Friday, 5 March 2010

Handle With Care







When Joseph was in special care my overwhelming feeling was isolation and separation. I was in hosptial for 8 days. I was kept in a room on my own, in antenatal. Which was lovely because I had my own space and was away from the mums with babies. Except it made me feel like a freak. I wanted to talk about my baby, and share those first moments with other mums.
I remember feeling a pang of sadness as I watched babies with their mums, and people making noises about smelly nappies. I would have given anything at that point to change my babies nappy.

My opportunity came two weeks after Joseph was born. It was carefully planned and orchestrated that I would do Joseph's "cares" one evening. Joseph was still well under 2lb at this stage. His skin was transparent. He looked like a miniature old man! A beautiful old man!

I felt so nervous, I stood in front of the incubator looking at my beautiful teeny baby, and marvelling at him. Fabia, one of the senior neonatal midwives stood on the other side and talked me through it.

It was just so lovely doing something so normal. I was worried I wouldn't manage, with just my hands through the portholes, still separated from my little baby, but so much closer. It was like changing a nappy on a little hairless kitten! He had no fat at all, he was just soft skin with bones protruding. Its hard for me to imagine those slim small legs when now he has delightfully baby-like chubby thighs!
Over time it got easier. Corey and I shared care times, I would do the morning, and he would do the evening. It was the highlight of his day, and mine. As we got more competent, we were left to get on with it. It was like having a baby, almost.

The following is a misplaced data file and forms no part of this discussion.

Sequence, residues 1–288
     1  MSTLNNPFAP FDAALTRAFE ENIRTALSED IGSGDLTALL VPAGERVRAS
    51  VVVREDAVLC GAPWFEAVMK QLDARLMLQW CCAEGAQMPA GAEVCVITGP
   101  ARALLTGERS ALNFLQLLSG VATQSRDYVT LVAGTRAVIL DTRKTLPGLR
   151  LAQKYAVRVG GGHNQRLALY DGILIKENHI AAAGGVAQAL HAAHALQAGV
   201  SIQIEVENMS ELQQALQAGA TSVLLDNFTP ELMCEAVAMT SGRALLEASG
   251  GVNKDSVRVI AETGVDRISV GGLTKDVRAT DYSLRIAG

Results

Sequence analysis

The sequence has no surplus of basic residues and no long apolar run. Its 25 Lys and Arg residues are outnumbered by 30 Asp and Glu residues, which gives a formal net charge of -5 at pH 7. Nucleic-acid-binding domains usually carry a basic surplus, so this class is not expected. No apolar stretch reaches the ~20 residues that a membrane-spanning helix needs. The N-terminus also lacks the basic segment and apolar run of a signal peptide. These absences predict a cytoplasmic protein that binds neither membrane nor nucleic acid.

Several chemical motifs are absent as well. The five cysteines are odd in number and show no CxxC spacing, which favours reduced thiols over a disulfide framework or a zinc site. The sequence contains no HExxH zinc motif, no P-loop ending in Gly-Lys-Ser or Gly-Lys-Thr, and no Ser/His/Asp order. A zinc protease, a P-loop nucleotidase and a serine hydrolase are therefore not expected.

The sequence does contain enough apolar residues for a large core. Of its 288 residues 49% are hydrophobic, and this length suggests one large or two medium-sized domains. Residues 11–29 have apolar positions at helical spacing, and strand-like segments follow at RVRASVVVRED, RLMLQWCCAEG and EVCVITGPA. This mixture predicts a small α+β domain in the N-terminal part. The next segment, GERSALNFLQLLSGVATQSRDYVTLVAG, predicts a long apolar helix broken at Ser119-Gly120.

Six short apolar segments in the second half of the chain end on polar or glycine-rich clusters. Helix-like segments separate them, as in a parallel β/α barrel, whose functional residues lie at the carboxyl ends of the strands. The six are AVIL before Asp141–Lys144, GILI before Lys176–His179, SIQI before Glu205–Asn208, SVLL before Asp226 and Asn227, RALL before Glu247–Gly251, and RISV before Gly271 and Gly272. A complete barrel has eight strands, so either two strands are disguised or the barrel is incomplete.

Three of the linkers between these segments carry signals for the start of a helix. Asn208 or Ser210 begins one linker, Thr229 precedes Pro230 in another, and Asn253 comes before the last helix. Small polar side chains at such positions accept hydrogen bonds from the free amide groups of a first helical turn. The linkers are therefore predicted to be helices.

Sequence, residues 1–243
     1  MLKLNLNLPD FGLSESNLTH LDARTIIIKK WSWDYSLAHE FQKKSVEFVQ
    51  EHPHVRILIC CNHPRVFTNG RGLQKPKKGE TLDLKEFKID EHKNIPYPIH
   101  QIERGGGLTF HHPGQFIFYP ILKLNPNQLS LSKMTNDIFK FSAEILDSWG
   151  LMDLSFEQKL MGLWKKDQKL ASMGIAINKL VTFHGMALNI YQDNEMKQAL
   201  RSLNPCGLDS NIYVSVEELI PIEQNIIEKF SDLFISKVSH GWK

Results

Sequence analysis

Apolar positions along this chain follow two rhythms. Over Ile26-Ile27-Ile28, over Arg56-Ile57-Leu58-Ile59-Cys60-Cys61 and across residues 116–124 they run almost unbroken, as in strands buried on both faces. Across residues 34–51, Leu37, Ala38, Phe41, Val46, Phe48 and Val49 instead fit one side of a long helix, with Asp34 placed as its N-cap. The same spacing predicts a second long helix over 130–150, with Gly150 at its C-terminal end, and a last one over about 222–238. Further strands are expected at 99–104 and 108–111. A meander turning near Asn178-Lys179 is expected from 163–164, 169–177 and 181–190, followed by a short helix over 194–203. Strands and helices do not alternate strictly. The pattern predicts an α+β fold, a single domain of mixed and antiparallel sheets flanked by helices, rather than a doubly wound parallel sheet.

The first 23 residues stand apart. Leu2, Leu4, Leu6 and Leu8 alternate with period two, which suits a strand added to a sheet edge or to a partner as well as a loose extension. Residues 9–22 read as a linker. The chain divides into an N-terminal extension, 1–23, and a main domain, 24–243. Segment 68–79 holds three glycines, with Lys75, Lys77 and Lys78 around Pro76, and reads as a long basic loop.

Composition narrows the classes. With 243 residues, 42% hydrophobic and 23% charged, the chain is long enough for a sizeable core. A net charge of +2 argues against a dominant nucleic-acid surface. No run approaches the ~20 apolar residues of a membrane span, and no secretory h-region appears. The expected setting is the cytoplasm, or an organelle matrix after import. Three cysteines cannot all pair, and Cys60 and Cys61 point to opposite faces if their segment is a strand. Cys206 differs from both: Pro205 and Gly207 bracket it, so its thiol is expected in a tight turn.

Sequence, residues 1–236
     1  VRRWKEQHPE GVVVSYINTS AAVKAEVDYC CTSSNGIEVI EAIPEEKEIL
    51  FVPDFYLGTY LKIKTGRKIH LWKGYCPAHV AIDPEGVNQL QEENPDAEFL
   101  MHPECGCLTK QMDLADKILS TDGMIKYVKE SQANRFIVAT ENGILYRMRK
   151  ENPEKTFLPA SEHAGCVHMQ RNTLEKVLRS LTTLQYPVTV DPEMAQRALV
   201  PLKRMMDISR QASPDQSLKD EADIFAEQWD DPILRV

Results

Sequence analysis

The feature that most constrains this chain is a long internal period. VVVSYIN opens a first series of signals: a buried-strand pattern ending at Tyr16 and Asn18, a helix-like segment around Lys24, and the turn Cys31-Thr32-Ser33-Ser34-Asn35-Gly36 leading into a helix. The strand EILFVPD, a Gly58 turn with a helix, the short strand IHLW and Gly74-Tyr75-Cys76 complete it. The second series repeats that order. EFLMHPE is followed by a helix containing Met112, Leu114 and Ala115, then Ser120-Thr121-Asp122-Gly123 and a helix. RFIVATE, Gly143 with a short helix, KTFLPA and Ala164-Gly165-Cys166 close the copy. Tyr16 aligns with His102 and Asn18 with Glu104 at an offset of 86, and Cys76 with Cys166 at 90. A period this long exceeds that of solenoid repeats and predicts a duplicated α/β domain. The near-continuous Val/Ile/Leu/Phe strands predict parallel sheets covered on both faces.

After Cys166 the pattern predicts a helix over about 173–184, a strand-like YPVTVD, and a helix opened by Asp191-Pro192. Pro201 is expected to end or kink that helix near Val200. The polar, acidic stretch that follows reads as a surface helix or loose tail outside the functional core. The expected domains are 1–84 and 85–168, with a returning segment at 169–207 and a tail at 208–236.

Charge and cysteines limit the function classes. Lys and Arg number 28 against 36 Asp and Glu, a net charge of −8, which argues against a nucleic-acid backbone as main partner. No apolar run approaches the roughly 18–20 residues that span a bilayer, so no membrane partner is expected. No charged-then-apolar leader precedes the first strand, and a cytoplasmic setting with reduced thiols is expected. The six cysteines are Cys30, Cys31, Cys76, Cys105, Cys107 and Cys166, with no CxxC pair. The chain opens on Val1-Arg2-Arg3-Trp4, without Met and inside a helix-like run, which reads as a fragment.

But once Joseph moved to HDU things got complicated. Although only in the next room, care times got messed with and confused as there were more staff and communication was not always clear. I remember one day ringing my sister in tears because a nurse had messed up and done Joseph's cares. For six weeks I had been going in at 11am and all of a sudden they decided to change it. I was devastated. I went out into the carpark and cried and cried. I felt like they'd taken the one meaningful task of my day away from me. And they had. When you only get to touch your baby once a day for five minutes, every second is precious.

Even now I take no nappy change for granted. I enjoy that intimate time with Joseph, and its even more fun now that he giggles and blows raspberries, and tries to put his feet in the contents!






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